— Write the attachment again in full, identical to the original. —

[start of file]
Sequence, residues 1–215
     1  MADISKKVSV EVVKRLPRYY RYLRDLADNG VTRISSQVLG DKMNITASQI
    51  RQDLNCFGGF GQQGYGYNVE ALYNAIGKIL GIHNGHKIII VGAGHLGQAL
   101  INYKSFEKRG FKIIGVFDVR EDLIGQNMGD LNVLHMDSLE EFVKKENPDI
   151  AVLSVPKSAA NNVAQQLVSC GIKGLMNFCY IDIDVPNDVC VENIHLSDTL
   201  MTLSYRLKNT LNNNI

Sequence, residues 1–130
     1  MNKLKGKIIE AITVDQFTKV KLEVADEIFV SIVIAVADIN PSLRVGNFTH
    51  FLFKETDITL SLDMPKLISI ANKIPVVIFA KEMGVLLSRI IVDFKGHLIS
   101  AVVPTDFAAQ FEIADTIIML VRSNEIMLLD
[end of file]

Sequence, residues 1–215
     1  MADISKKVSV EVVKRLPRYY RYLRDLADNG VTRISSQVLG DKMNITASQI
    51  RQDLNCFGGF GQQGYGYNVE ALYNAIGKIL GIHNGHKIII VGAGHLGQAL
   101  INYKSFEKRG FKIIGVFDVR EDLIGQNMGD LNVLHMDSLE EFVKKENPDI
   151  AVLSVPKSAA NNVAQQLVSC GIKGLMNFCY IDIDVPNDVC VENIHLSDTL
   201  MTLSYRLKNT LNNNI

Sequence, residues 1–130
     1  MNKLKGKIIE AITVDQFTKV KLEVADEIFV SIVIAVADIN PSLRVGNFTH
    51  FLFKETDITL SLDMPKLISI ANKIPVVIFA KEMGVLLSRI IVDFKGHLIS
   101  AVVPTDFAAQ FEIADTIIML VRSNEIMLLD